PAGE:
David Randall: A victory for our children's right to chews

Sucking on the psychology of psychedelic sweets
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The Independent Online

Last week's diversion from the world of Significant Happenings was the revival of old-fashioned confectionery. Such, apparently, is the demand that Marks & Spencer and other retailers can't source supplies of pineapple chunks, humbugs and jelly babies quickly enough. We are, it seems – in a refreshingly literal sense – becoming a nation of suckers.

Trend-spotters, and other specialists in cod psychology, immediately saw the sticky fingerprints of nostalgia all over this one. It was the recession, you see, making us all want to retreat from the ugly present into a reassuring past. And, since we couldn't do that, we could at least, reach inside a big bag of comfort candy and sooth ourselves with a taste of yesteryear.

I think it's simpler than that: we're all getting a bit fed up with the lavishly chocolate-coated, praline-filled, nut-encrusted, creamy textured, over-bloated, bigger-than-your-baby's-forearm modern confectionery bar. There's a lot to be said, instead, for bite-sized nibbles of something more imaginative than processed cocoa beans, for something in weird shapes and dayglo colours, but then I'm biased.

My tastes were formed in that golden age between the end of sweet rationing in 1953, and the invention of the Yorkie bar in 1976, an appalling event which marked the advent of greedy-guts chocolate bars and thus the confectionery Dark Ages.

Anyone over 50 has in their minds an idealised sweet shop, to which they can be transported back at the first whiff of a pear drop. Mine was on the way to school, a small, rather dingy looking premises whose windows were full of large glass jars of sweets mellowing in the sun. Inside were counter trays of unwrapped sweets: flying saucers (shaped rice paper full of sherbet); jelly dummies; foamy sweets (the pink ones like prawns, the yellow ones like small, pregnant bananas; Pontefract cakes; liquorice whirls; chews (penny, ha'penny, and farthing); gobstoppers, sherbet fountains (liquorice straws inserted into a paper tube of white powder that frothed up your nose if you sucked too hard); and sweet cigarettes, red-tipped to give the apprentice smoker the right idea. (For special occasions, there were "smoking sets" for children, consisting of chocolate cigars, liquorice pipes, "sweet tobacco" – shredded coconut in a St Bruno-style pouch, and, I kid you not, a small tin ashtray).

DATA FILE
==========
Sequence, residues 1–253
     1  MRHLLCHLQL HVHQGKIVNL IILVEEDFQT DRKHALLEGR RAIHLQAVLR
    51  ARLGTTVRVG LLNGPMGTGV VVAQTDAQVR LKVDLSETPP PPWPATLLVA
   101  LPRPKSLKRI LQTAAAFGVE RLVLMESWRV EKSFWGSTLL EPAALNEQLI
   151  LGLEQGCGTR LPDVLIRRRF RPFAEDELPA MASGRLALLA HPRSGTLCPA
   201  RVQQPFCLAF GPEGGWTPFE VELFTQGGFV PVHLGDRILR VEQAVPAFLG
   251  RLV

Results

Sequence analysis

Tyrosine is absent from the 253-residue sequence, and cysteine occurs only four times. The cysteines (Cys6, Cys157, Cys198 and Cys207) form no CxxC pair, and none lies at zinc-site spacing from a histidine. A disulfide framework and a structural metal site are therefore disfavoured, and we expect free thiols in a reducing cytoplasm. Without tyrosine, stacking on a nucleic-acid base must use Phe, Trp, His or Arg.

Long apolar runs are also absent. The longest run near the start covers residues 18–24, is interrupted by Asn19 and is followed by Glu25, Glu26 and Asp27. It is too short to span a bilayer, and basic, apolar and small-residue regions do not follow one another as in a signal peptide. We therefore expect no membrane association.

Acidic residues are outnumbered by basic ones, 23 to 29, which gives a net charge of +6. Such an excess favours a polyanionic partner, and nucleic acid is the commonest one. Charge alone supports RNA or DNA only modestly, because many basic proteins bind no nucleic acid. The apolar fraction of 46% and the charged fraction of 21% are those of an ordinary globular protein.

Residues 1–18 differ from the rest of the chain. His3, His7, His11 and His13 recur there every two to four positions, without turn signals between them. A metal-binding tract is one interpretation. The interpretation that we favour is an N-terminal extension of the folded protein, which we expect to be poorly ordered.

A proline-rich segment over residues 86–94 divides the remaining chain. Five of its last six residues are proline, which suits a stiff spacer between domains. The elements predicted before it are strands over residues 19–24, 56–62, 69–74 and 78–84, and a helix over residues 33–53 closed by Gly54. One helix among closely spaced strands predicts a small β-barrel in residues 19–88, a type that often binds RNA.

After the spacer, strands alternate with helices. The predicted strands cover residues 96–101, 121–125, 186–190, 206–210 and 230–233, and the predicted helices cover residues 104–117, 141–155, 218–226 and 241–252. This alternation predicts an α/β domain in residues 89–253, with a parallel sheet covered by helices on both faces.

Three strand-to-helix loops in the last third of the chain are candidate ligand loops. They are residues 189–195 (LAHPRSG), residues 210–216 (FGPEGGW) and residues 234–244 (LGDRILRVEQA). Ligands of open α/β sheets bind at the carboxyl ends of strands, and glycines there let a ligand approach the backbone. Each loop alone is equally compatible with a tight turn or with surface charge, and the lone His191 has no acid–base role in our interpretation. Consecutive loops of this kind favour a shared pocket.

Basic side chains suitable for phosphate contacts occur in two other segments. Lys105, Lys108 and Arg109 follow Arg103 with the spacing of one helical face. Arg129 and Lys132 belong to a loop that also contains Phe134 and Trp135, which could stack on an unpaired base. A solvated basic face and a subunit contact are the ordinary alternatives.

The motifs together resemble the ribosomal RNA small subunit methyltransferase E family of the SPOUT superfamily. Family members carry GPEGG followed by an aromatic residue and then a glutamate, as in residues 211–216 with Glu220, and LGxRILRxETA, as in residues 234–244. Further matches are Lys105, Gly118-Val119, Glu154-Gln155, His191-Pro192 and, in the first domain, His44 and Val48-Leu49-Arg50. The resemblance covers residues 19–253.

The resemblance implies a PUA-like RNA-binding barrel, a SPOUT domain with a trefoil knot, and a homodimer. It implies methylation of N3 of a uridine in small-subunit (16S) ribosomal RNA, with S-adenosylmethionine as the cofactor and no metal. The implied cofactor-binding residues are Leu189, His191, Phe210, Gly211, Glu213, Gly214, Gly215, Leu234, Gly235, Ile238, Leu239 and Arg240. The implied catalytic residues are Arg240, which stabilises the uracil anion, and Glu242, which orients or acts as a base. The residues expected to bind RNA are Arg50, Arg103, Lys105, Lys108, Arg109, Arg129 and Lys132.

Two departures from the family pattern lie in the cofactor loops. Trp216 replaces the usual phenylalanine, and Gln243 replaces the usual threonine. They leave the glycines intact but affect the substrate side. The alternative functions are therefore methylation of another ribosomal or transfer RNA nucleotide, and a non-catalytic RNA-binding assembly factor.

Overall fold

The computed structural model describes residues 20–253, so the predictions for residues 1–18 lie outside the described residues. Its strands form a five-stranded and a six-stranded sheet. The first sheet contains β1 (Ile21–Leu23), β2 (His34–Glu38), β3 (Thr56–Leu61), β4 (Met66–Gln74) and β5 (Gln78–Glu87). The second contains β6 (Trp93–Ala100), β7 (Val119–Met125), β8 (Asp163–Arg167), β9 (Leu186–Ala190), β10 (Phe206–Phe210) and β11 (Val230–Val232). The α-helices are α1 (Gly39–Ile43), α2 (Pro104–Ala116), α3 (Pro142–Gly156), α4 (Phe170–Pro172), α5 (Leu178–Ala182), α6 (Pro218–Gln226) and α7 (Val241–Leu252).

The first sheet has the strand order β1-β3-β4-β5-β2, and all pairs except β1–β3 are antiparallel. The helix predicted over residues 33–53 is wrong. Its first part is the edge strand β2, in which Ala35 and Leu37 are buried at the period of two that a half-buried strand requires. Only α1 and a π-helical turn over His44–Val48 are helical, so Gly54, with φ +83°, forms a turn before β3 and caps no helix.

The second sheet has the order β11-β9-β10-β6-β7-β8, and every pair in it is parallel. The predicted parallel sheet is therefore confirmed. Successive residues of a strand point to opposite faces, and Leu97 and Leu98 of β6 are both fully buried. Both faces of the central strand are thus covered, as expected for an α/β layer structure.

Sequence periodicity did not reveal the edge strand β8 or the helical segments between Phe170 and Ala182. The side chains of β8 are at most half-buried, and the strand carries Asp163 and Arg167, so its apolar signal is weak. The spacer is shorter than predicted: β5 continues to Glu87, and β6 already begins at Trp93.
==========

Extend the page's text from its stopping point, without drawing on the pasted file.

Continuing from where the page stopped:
Behind the counter stood the sommelier of these and other goodies – a little old lady in bib-apron, who, if you were lucky (and we were) allowed her customers inordinate amounts of time to dither over their selections. And behind her, on wide wooden shelves, stood large jars of humbugs, caramels, bull's-eyes, aniseed balls, Everton mints, peanut brittle, cola cubes, milk gums, rhubarb and custard, American hard gums, dew drops (tiny pea-sized boiled sweets), wine gums, and things for grown-ups, like iced caramels, dragees, chocolate brazils, and Turkish delight.

And when you'd finally made your selection (which might necessitate the old girl mounting her wooden stepladder several times), she would sprinkle the contents into the metal cradle of her scales, weigh out your quarter pound, tip them into a paper bag, twist it, and take your pennies.

Such chocolate bars as there were in those days (KitKats, Mars, Picnics, and Fry's) were beyond our pockets. What we had was something in a bag, something you could tip out and count when you got home, or even, if they were liquorice comfits, sort out into piles of different colours. Above all, they were not something you wolfed down, but eked out over hours, or days if you were like me and had a twin brother to torment. They lasted, they could be savoured, hoarded, or shared. They were more than sweets, they were Social Weapons. No wonder they're coming back.